Toolache wallaby

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Toolache wallaby [1]
Macropus greyi - Gould.jpg
nineteenth century illustration of male and female
Status iucn3.1 EX.svg
Extinct  (ca. 1939)  (IUCN 3.1) [2]
Scientific classification Red Pencil Icon.png
Kingdom: Animalia
Phylum: Chordata
Class: Mammalia
Infraclass: Marsupialia
Order: Diprotodontia
Family: Macropodidae
Genus: Macropus
Species:
M. greyi
Binomial name
Macropus greyi
Waterhouse, 1846 [3]

The toolache wallaby or Grey's wallaby (Macropus greyi) is an extinct species of wallaby from southeastern South Australia and southwestern Victoria.

Contents

Taxonomy

A species described by George Waterhouse in 1846. The type specimen was collected at Coorong in South Australia. [4] The author cites an earlier name, Halmaturus greyii, published by John Edward Gray in 1843 without a valid description, assigning it to a subgenus of the same name—Macropus (Halmaturus)—and providing the common name of the newly described species as Grey's wallaby. [5] [6] The common name and epithet greyi commemorates the collector and explorer George Grey, who provided the two specimens to researchers at the British Museum of Natural History. [3] A systematic revision has seen the species placed in a subgeneric arrangement as Macropus (Notamacropus) greyi, recognising an affinity with eight other species of the subgenus named as Notamacropus Dawson and Flannery, 1985. [7] An arrangement that elevates the subgenera of Macropus is recognised as Notamacropus greyi. [8] A genetic analysis found that its closest relative is the western brush wallaby. [9]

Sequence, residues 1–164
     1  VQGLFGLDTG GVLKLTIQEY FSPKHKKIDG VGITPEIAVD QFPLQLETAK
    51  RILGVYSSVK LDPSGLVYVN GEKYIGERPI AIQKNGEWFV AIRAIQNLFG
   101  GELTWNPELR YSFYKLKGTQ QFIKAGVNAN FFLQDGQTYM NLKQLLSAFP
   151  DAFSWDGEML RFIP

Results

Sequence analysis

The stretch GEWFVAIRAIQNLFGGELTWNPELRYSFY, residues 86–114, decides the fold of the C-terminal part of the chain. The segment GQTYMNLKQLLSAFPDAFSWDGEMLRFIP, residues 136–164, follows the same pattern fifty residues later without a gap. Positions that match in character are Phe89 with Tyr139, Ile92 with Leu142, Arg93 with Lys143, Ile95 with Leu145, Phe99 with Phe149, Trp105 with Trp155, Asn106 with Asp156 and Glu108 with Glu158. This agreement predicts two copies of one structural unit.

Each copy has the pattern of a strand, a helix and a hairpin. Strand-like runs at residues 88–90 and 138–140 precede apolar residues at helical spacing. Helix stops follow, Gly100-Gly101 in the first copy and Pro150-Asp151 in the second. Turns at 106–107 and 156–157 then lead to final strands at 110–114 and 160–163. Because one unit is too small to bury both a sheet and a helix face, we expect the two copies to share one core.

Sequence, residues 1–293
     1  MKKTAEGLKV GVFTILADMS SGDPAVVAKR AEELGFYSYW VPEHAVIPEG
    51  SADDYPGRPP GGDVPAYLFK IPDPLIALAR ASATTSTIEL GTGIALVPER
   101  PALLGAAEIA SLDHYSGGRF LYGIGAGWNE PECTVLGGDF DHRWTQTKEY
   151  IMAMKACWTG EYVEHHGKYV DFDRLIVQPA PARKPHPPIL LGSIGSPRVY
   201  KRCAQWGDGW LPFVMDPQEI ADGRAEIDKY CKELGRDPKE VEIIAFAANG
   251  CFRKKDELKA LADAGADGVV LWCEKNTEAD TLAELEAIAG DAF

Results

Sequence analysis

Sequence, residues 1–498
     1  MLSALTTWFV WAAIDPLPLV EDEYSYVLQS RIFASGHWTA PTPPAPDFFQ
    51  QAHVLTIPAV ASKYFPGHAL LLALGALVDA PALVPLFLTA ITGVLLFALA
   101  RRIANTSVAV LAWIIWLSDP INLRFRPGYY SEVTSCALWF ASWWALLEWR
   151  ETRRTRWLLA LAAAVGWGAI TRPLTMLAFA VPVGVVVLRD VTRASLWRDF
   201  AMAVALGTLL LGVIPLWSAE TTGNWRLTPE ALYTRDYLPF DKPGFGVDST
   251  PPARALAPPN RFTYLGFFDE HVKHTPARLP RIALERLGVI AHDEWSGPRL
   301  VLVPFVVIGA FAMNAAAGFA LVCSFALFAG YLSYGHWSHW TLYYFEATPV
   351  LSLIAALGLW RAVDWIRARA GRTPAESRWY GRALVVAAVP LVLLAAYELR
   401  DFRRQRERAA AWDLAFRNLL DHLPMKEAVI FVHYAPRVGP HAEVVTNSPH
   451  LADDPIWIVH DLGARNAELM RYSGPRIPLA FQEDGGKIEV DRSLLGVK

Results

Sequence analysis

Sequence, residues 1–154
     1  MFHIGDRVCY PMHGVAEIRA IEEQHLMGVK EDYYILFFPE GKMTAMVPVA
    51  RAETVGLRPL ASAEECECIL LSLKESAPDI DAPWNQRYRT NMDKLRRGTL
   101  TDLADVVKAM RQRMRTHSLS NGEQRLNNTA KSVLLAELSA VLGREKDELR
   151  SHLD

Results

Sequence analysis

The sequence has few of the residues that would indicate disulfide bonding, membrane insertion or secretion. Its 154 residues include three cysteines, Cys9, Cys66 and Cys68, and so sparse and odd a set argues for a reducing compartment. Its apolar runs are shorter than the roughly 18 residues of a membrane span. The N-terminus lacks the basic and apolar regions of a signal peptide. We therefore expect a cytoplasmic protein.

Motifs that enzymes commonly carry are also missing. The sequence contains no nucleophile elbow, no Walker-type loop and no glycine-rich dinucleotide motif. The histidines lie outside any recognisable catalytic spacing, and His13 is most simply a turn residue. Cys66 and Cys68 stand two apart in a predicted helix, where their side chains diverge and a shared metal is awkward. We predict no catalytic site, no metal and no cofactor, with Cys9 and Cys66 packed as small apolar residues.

The common names have also included monkeyface and onetwo. [6]

Description

Illustration of the upper body by Henry Richter in John Gould's Mammals of Australia (1863) Macropus greyi Gould.jpg
Illustration of the upper body by Henry Richter in John Gould's Mammals of Australia (1863)

The toolache wallaby was a slim, graceful, and elegant creature that had a pale ashy-brown pelt with a buff-yellow underbelly. [6] [10] The tail was pale grey and became almost white near the tip. The distinct black mark on its face reached from its nose to the eye. The forearms, feet, and tips of the ears were also black. The different colours of the animal also consisted of different textured furs which are believed to have changed seasonally or varied depending on the individual. The body measurements differed between males and females. In general, male toolache wallabies had a head and body length up to 810 mm while females measured up as 840 mm. Despite the females being taller, males had longer tail lengths at about 730 mm while the female's tail length was 710 mm. [11]

Behaviour

The toolache wallaby was a nocturnal animal, foraging for vegetation during the twilight hours of the day. [10] Their movements were unusual and extremely rapid, able to outpace almost any terrestrial predator; they were known to evade the fastest dogs of the colonial hunters. [6]

Habitat

The toolache wallaby occupied the southeastern corner of Australia to the western part of Victoria. The preferred habitat ranged from swampy short grassland areas, to taller grassed areas of the open country. Toolache wallabies were known to be sociable creatures who lived in groups; they were often seen resting and grazing in groups. [11]